A few weeks ago, Xia Baolong, the head of China’s Hong Kong and Macau Affairs Office, called on the people of Hong Kong to vote in the legislative elections on 19 December. ‘It’s not just a vote for their preferred candidates,’ he said, ‘but also a vote of confidence in “one country, two systems”’ – the formula devised in the 1980s that was supposed to guarantee Hong Kong’s autonomy after it returned to Chinese sovereignty in 1997. On Sunday, the majority of the electorate rejected Xia’s invitation. Only 1.35 million people – 30 per cent – turned out to vote.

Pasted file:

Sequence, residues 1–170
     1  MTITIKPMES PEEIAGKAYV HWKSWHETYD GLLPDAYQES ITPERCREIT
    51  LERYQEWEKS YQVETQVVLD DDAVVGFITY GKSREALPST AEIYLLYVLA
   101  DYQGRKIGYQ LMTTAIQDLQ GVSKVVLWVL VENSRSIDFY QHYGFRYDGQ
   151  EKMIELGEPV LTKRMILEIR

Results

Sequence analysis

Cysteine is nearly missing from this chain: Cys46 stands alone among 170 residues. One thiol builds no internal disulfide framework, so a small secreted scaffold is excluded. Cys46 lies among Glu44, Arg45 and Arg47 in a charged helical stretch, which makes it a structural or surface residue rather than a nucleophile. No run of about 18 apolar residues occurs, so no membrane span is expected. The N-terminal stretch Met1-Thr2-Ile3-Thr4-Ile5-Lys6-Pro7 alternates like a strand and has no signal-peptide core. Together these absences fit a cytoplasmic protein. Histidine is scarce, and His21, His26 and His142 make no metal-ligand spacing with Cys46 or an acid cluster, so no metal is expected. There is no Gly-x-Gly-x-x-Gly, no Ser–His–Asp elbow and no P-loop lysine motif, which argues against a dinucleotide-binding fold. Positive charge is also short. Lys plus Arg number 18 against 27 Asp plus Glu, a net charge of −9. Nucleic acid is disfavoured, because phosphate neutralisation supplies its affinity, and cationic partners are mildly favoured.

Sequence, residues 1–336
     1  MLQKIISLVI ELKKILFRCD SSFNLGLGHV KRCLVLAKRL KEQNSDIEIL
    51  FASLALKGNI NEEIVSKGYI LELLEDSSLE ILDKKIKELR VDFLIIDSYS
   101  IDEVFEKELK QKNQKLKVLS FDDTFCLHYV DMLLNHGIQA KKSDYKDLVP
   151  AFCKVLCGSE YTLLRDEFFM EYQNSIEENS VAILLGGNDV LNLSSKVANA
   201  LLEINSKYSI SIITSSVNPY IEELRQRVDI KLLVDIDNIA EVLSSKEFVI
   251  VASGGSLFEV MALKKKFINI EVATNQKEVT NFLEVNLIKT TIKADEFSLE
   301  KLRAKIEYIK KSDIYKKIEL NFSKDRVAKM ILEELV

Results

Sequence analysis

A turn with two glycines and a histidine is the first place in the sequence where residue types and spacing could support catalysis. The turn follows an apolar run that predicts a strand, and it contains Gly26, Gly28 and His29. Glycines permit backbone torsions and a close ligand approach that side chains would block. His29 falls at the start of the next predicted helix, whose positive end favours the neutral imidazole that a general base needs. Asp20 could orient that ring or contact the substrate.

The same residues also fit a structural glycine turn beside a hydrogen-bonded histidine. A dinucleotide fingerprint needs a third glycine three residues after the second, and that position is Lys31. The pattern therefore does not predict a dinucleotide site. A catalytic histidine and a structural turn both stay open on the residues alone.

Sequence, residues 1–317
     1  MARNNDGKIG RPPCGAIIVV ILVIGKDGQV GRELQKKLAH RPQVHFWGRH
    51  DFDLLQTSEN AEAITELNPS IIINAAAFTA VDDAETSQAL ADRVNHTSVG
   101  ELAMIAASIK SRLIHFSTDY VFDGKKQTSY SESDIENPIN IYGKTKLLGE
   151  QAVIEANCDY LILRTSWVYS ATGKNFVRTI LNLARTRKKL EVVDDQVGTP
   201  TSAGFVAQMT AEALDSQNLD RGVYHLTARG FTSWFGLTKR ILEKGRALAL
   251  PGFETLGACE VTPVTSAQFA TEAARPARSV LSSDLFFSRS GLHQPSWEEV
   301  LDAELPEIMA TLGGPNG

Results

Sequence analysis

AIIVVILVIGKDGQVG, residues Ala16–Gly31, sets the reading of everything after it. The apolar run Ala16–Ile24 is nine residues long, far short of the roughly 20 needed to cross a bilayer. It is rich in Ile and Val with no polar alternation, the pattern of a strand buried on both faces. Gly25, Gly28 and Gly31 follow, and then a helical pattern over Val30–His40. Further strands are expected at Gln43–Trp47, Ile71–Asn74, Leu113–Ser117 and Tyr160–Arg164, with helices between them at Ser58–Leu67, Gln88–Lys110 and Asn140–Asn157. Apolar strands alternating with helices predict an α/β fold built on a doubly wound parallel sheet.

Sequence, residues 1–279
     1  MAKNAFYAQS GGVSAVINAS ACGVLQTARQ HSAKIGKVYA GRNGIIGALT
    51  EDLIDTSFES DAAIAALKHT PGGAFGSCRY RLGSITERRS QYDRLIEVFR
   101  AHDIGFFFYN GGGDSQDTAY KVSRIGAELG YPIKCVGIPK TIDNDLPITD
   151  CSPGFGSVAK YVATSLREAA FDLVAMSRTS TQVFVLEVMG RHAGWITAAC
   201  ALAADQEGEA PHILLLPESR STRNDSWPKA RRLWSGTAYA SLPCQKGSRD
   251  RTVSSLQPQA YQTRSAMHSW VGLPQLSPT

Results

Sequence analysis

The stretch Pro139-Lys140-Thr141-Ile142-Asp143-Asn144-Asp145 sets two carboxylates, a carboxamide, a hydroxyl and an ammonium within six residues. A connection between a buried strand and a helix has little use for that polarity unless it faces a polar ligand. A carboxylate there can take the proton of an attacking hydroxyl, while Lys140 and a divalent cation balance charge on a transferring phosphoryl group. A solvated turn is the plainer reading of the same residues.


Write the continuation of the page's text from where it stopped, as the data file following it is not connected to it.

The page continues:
In normal circumstances, on Thursday evening I would be going to Hong Kong island’s Victoria Park for the annual vigil remembering those who died in Beijing on the night of 3-4 June 1989. But this year the gathering has been banned. The ostensible reason is a Covid-19 rule limiting public groups to a maximum of eight people.